The USPS is refuting a viral post that suggests shopping on Amazon during their Prime Day event next week could slow down the handling of election mail. The post, which has been circulating online in various formats since last week, encourages people not to shop on Amazon during Prime Day, claiming that the USPS should be focused on delivering ballots, rather than delivering packages.
But a spokesperson for the USPS tells Rolling Stone that the claims are unfounded, explaining that packages are processed on entirely different equipment than mail. The agency says they aren’t anticipating any disruptions from Prime Day to the sending and receiving of ballots for the upcoming presidential election.
“Delivering election mail is our number one priority, and we are 100 percent committed throughout the Postal Service to fulfilling our vital role in the nation’s electoral process by securely and timely delivering all ballots pursuant to our long-established processes and procedures,” the rep tells Rolling Stone, adding that, “The U.S. Postal Service has the capacity to flex its nationwide processing and delivery network to meet surges in volume of mail and packages.”
It’s worth noting that not all Amazon packages are delivered through regular mail. While Amazon works closely with the USPS — a recent Washington Post report revealed the online giant accounted for nearly $3.9 billion in revenue for the postal service last year — it has also been building up its own fleet of delivery drivers over the years, to ease its reliance on the USPS. Amazon also offers two-day shipping on most items for Prime Members, meaning a majority of orders from Prime Day will be shipped out weeks before ballots are due. In other words: you can order that Instant Pot on Prime Day and still ensure that your mail-in ballot gets delivered and counted in time.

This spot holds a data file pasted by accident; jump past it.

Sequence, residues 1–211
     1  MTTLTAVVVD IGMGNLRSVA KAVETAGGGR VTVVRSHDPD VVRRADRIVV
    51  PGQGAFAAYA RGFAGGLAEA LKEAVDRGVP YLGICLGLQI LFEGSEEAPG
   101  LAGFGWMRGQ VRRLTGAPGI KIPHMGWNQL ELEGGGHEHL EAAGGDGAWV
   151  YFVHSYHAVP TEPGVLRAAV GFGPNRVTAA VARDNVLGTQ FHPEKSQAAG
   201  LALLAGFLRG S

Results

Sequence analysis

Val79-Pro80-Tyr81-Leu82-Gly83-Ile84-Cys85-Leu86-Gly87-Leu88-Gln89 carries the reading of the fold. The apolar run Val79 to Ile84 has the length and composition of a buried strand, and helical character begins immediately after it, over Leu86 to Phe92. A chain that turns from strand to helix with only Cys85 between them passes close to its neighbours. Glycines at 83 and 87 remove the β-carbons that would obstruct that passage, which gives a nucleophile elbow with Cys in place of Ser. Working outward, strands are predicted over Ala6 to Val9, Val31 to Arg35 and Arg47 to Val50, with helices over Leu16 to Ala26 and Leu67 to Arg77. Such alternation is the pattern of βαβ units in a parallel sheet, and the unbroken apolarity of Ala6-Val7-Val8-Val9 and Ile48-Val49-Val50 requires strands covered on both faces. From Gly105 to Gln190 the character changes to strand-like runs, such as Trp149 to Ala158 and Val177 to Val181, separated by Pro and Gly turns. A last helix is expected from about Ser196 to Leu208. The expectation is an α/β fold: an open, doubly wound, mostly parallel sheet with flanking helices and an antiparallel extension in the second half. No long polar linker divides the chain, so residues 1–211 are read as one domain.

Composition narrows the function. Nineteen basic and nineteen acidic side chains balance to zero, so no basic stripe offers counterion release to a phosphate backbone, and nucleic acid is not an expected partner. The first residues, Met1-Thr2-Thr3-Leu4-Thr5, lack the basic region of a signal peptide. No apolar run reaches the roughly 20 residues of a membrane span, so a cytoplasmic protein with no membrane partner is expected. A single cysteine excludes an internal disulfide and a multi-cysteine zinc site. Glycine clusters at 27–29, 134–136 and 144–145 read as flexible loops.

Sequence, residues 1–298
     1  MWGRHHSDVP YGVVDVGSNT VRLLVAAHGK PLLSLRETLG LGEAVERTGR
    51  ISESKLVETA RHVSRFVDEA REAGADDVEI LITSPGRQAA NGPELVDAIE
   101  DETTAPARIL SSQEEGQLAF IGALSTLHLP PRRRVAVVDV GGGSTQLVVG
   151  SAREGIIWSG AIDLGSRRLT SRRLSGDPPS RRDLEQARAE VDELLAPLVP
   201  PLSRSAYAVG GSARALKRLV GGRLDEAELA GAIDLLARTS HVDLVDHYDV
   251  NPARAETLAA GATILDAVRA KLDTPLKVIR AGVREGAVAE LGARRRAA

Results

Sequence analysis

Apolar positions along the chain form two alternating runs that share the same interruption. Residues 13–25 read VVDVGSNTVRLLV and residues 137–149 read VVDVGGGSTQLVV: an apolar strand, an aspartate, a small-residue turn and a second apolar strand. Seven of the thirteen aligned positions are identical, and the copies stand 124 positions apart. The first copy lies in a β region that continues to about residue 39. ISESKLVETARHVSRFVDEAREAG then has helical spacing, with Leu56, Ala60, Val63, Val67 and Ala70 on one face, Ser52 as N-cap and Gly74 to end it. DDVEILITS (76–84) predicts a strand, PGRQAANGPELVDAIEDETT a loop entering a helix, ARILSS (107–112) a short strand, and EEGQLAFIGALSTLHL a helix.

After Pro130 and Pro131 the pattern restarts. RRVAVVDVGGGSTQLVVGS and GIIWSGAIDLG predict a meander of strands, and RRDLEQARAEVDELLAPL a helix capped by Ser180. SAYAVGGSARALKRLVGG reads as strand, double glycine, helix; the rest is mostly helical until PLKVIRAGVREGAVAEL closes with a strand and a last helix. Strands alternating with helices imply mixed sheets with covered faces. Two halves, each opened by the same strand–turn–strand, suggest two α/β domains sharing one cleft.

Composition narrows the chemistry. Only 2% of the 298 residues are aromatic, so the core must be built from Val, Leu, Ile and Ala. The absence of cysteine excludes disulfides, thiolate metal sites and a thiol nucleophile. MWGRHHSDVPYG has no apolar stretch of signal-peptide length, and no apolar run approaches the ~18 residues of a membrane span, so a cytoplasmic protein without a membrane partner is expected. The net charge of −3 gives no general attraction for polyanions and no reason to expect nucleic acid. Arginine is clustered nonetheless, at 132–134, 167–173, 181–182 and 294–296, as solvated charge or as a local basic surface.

Amazon is undoubtedly counting on Prime Day to be successful, to help weather a string of recent bad press. The company confirmed last week that more than 19,000 employees had tested positive for Covid-19, and CEO Jeff Bezos has been under fire for not doing more to address poor working conditions (a group of protestors marched to Bezos’ Beverly Hills mansion just last weekend demanding change). Meanwhile, a new report says Bezos’ wealth increased by $92 billion in the five months between March and August of this year, with the report claiming that he could personally pay each of Amazon’s nearly one million employees a one-time $105,000 bonus and still be as wealthy as he was at the beginning of the pandemic. So while Prime Day could boost Amazon’s fortunes in the press, it will also be boosting Bezos’ bank account as well.
Prime Day takes place October 13th and 14th this year. It’s traditionally been Amazon’s biggest shopping event, surpassing even Black Friday. The company reported more than 175 million items sold during Prime Day 2019, making it the largest shopping event in the company’s history.